When I decided to start teaching this is the first book that I bought – my thoughts were to use it as my teaching ‘master text’ – it’s actually 3 volumes bound together into one edition.
I’ve got a high regard for the book’s author – Ed Friedland. Back in the day when I started my first band/business I needed work of some sort to pay the rent and the other bills whilst waiting for the gigs to come in/business to take off. To cut to the chase my business partner and I spent the first year or so making ends meet by playing background jazz 4 or 5 nights a week in restaurants and hotels (crappy gigs – shoved in a corner and ignored! – crappy pay too, £30 each and a pizza) and I used Ed’s first book ‘Building Walking Bass Lines’ as a crash course in playing jazz.
THAT book was great, taught the fundamentals of walking bass in a clear and concise way and enabled me to go from no idea to passable in about 10 days of heavy duty in the woodshed (6 – 8 hour days).
Shortly after that his second book came out – ‘Expanding Walking Bass Lines’ – and that enabled me to build on what I’d learnt from his first book.
So my expectations were kind of high – since then the author has also released several other books, a couple of which I have – and I always found his material well presented, informative etc etc.
So I’ve gotta be honest and tell you that I was disappointed with this book. Sure it covers all the basics, but there’s a lot of info about scales and arpeggios – and you know what I think about that RIGHT? – and once I’d read through the book (and played some of the examples) I knew that the material wasn’t inspiring enough for me to want to teach it.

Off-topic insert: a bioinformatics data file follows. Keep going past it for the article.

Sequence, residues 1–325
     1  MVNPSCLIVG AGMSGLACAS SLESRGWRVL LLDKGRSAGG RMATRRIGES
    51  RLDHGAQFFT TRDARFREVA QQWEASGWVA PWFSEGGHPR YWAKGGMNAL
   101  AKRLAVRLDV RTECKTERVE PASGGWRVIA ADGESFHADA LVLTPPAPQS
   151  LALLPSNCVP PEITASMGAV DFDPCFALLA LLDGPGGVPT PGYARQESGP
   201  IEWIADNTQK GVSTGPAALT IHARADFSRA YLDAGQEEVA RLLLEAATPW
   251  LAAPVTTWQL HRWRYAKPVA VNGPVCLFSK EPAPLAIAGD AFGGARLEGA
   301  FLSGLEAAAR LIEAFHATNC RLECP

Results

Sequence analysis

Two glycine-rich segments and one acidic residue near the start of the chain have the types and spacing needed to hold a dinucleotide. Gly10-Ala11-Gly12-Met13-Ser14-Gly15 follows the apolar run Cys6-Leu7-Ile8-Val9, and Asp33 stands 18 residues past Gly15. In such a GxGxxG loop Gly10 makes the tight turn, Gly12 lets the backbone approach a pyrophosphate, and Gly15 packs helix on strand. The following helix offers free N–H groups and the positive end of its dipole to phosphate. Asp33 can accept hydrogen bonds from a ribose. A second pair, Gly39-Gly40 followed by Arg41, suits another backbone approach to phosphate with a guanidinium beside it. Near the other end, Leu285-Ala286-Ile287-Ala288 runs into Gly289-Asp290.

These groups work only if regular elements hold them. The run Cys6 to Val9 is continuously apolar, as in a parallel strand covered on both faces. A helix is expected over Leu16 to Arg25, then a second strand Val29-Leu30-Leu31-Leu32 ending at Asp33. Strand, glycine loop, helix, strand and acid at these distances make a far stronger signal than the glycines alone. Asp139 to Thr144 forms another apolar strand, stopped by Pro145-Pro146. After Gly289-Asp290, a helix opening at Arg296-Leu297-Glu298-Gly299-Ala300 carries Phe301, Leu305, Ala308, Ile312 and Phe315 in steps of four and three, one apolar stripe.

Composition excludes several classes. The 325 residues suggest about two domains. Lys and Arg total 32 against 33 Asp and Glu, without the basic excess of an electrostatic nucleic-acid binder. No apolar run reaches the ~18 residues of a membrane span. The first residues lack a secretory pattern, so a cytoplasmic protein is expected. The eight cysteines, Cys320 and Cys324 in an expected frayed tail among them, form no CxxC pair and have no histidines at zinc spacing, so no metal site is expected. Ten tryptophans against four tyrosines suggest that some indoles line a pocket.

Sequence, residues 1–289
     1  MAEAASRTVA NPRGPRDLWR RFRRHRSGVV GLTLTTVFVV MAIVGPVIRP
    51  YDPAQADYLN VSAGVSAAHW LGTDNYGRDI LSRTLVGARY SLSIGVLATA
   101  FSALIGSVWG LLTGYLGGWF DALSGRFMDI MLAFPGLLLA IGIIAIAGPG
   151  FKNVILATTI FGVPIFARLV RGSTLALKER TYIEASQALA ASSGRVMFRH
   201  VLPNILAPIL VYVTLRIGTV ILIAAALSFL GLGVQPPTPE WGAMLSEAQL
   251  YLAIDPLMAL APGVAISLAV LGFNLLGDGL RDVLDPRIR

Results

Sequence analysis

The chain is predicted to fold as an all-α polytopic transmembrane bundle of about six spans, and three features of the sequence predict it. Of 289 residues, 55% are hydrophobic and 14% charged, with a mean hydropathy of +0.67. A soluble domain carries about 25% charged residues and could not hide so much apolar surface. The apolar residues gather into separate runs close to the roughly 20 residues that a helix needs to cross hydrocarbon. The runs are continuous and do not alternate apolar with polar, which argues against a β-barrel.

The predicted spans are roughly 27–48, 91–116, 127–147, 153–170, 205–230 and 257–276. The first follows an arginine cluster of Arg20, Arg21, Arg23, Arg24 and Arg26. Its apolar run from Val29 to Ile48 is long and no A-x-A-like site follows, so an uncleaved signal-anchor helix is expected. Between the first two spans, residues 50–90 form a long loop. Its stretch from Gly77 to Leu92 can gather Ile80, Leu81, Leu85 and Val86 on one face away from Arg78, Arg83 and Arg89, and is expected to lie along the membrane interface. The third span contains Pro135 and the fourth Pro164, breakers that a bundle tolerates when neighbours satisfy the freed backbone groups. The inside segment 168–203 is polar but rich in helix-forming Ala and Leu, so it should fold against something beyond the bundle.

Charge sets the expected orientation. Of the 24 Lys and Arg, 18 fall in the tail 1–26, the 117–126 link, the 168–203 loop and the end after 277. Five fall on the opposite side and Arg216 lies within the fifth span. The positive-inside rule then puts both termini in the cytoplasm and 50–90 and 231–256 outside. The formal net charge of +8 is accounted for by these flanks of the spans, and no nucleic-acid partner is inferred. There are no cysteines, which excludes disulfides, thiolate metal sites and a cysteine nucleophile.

(That said if you can play a bit and want to learn to read music going through this book would teach you pretty much all the fundamentals in a pretty clear and easy to understand way – so that’s a plus).
So if I’m not keen on the book why am I reviewing it?
Well there are 3 reasons.
And here they are:
These books were published as a supplement to the Hal Leonard Bass Method – each one features 20 bass lines in standard notation only. The volumes are:
1) Easy Pop Bass Lines (includes Come as you are, Lady Madonna, Surfin USA, All The Small Things, My Girl and Smoke on the water.)
2) More Easy Pop Bass Lines (includes Paranoid, Message in a bottle, Summer of ’69, Rhiannon, My Generation and Day Tripper)
3) Even More Easy Pop Bass Lines (includes Another One Bites the Dust, Come Together, Badge, I Wish and Under Pressure).
There is also a version of these books with Cds so you have a ready made backing track to practice the tunes with. In my opinion THIS IS WHAT ED SHOULD HAVE BUILT HIS COURSE AROUND! If you’ve read some of my articles (eg How to Play the Bass in 50 songs) you’ll know my feelings on the matter!
For a beginner bass player the Hal Leonard Bass Method COULD be a good starting place to get you up and running. My concerns however are that most beginners will find the material too scale and theory orientated – as I’ve noted many times before the most common reason for people to take up the bass is to play in a band with their friends or emulate a bass idol – NOT LEARN SCALES AND ARPEGGIOS.That aside the non reading bass player who wants to learn to read music could do a lot worse than start with the Hal Leonard Bass Player – and the accompanying Easy Pop Bass Lines series – to learn how to read.